North Korea Eyed As Asian Shares Ease On Weak U.S. Data

Investors nervously watched developments in the Korean Peninsula on Thursday while Asian stocks fell after weak data stoked concerns the key American jobs report due later in the week will signal slowing U.S. growth.

Man is reflected on electronic monitor displaying share prices outside a brokerage in Tokyo

Investors nervously watched developments in the Korean Peninsula on Thursday while Asian stocks fell after weak data stoked concerns the key American jobs report due later in the week will signal slowing U.S. growth.

Japanese shares slipped while the yen held firm against the dollar as investors awaited the outcome of the Bank of Japan's two-day policy meeting this session.

The dollar recovered against a basket of major currencies .DXY to inch up 0.1 percent and also rose against the Korean won, although the dollar's rise sent spot gold to a 10-month low of $1,542.24 an ounce.

The MSCI's broadest index of Asia-Pacific shares outside Japan .MIAPJ0000PUS was down 0.6 percent, dragged down by a 2 percent slump in South Korean shares .KS11, while the South Korean won slid 0.7 percent against the U.S. dollar.

North Korea barred entry to a joint industrial complex it shares with the South for a second day on Thursday, telling the association of companies that operate factories in the Kaesong industrial zone to complete pulling out by April 10.

The United States said on Wednesday it would soon send a missile defense system to Guam to defend it from North Korea, as the U.S. military adjusts to what Defense Secretary Chuck Hagel has called a "real and clear" danger from Pyongyang.

The pull-back in Asian equities followed an overnight sell-off in global stocks, with the Standard & Poor's 500 Index .SPX posting its biggest daily drop in over a month, after a report showing weaker-than-expected U.S. private sector hiring in March, and a services sector index missing forecasts, raised concerns about the U.S. economy.

"Markets at this point look increasingly top-heavy, even if the downside still seems anchored by reasonable earnings outlook in the region," said Hirokazu Yuihama, a senior strategist at Daiwa Securities in Tokyo.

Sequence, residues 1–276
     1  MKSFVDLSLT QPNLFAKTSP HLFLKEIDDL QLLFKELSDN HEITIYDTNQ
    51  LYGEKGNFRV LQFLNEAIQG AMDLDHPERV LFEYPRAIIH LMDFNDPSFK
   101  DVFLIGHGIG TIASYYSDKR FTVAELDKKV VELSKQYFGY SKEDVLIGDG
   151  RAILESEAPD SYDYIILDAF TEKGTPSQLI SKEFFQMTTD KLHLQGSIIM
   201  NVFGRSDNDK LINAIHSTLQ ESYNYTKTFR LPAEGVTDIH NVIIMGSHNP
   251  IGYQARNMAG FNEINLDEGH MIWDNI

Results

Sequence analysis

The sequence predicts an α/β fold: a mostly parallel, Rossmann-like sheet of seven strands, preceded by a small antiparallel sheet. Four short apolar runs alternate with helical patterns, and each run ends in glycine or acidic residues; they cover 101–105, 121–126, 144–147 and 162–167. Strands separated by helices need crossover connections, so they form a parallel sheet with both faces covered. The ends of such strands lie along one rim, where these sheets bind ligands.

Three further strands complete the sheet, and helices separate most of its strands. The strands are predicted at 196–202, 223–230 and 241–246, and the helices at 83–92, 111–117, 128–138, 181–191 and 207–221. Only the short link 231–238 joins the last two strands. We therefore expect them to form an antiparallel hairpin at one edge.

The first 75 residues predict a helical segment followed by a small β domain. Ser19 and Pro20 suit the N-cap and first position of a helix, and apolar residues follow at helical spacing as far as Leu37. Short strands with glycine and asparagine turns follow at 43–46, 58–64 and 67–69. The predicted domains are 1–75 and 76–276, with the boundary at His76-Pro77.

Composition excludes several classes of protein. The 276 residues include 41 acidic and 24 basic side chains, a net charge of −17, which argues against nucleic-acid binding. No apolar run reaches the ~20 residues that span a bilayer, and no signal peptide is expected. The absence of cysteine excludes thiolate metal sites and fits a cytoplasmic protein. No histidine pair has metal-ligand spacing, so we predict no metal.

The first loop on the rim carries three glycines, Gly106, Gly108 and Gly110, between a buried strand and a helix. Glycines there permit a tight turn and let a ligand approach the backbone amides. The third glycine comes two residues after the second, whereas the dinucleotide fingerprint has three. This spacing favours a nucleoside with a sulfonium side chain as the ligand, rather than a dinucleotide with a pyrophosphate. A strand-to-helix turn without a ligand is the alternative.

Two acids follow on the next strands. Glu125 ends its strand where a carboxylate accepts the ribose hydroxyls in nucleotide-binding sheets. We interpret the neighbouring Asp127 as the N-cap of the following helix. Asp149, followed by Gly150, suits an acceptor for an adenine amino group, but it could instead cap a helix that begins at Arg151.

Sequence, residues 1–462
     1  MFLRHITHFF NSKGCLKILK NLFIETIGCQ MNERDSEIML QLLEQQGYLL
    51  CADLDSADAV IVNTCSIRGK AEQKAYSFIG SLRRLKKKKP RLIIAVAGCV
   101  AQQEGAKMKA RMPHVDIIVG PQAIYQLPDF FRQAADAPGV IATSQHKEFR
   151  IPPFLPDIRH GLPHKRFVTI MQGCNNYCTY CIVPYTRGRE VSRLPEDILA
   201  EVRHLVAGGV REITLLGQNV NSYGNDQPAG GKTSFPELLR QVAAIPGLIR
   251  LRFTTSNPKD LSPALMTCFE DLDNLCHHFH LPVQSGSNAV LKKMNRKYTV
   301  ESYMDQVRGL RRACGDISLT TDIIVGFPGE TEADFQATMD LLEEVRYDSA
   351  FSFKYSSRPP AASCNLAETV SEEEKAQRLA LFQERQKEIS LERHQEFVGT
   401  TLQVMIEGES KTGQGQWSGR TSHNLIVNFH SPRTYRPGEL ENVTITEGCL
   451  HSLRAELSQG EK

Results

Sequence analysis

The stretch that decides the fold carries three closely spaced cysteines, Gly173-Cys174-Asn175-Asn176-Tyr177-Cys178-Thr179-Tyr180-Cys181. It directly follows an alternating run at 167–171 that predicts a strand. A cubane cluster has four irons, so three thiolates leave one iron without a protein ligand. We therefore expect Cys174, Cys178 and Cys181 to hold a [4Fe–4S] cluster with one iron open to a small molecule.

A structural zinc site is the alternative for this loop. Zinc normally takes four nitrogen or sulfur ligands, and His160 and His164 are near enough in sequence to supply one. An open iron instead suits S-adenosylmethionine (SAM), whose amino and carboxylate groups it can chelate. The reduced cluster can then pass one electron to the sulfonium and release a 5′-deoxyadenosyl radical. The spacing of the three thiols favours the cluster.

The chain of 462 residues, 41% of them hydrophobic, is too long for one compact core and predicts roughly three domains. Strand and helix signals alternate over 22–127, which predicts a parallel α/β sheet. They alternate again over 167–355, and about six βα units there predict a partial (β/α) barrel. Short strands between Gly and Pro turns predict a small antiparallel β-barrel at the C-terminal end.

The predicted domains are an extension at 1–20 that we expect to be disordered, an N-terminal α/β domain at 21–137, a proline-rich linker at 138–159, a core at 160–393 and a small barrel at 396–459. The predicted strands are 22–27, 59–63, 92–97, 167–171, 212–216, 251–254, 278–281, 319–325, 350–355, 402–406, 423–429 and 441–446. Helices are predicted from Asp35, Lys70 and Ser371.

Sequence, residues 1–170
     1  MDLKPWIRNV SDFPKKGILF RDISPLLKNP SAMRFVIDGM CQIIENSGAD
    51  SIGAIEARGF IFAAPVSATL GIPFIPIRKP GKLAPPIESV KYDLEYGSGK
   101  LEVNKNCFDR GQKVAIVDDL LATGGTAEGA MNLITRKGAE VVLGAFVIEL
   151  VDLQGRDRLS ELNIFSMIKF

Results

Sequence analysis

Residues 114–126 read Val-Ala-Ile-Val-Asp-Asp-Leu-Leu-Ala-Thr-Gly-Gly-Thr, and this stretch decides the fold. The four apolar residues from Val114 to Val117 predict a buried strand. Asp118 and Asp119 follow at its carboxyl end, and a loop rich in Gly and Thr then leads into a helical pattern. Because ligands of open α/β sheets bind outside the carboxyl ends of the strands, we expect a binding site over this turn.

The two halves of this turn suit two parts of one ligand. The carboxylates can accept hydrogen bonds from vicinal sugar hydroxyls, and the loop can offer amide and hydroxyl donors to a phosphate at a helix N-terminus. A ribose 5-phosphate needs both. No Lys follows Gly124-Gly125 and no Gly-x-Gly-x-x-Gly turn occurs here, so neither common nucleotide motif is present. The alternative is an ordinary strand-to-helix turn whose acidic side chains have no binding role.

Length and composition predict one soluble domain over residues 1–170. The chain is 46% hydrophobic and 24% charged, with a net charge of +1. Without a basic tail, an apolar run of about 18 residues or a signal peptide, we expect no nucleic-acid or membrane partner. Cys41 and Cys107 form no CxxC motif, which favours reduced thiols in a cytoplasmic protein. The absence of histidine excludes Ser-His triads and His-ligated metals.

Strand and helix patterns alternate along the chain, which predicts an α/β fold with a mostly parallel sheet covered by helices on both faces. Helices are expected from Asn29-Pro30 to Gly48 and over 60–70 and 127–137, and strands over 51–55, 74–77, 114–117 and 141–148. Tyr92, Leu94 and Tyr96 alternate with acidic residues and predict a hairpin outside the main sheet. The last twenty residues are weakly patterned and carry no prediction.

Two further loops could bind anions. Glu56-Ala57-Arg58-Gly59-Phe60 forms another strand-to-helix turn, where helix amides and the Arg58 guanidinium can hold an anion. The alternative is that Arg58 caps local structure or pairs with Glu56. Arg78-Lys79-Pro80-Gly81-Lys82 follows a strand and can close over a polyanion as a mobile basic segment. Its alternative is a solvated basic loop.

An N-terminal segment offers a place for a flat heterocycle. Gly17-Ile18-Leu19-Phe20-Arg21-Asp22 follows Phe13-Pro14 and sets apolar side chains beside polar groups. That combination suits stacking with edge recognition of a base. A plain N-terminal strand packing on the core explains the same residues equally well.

"Asian bourses are coming under pressure from growing uncertainty in Chinese property markets, worries about the euro zone and the U.S. economy. North Korea's seemingly hardening stance added to the already weakened sentiment, but as long as there is no actual military confrontation, the Korean factor may be temporary," Yuihama said.

Australian shares .AXJO slid 0.7 percent, with volatile commodities hitting prices.

Japan's Nikkei stock average .N225 retreated 1.8 percent, after soaring 3 percent on Wednesday for its biggest one-day rise in two months, as investors awaited the BOJ's policy decision, the first under the new governor Haruhiko Kuroda. .T

"Only the truly brave can feel confident trading into the BOJ event," Sebastien Galy, currency strategist, at Societe Generale, said in a note to clients. "Risks of a more global position-squeeze are rising, but are lacking an economic or geopolitical trigger. Markets have so far shrugged off the risks (of North Korea), but that could change if the escalation morphed into military action, however restricted initially."

The dollar was down 0.1 percent against the yen at 93, staying close to a one-month low of 92.57 yen touched on Tuesday. The euro fell 0.1 percent to 119.45 yen, holding near its lowest since February 26 of 119.15 yen seen on Tuesday.

Market expectations have been running high for Kuroda to announce at his inaugural policy meeting an increase in bond purchases and a lengthening in the maturities of bonds the BOJ intends to buy.

Hopes for stronger BOJ stimulus had led to a yen weakness since Prime Minister Shinzo Abe's reflationary policy agenda became clear in November, sending the yen down against the dollar about 16 percent between then and year-end, and 7.2 percent lower so far this year.

A weak yen helped underpin the Nikkei, which rose about 37 percent since mid-November and 19 percent higher so far in 2013.

An accumulation of yen short positions has cautioned some yen bears in recent days.

In the options market, three-month risk reversals, a gauge of currency market sentiment, showed options investors are biased to puts -- the right to sell dollars at a set price on a future date.

The dollar has also been undermined by falling bond yields on uncertainty over the U.S. growth. The benchmark 10-year Treasury yield touched to a three-month low of around 1.81 percent on Wednesday.

The European Central Bank is expected to hold interest rates on Thursday but could provide a dovish outlook on interest rates.

The Bank of England, which also meets later on Thursday, is unlikely to pump new money into Britain's stagnant economy.

Oil futures recovered from sharp losses the day before, with U.S. crude holding around $94.40 a barrel and Brent adding 0.2 percent to $107.27. <O/R>

Oil prices fell 3 percent on Wednesday in the steepest daily drop in five months, as U.S. crude inventories rose to their highest since 1990 and weak economic data clouded the outlook for demand.

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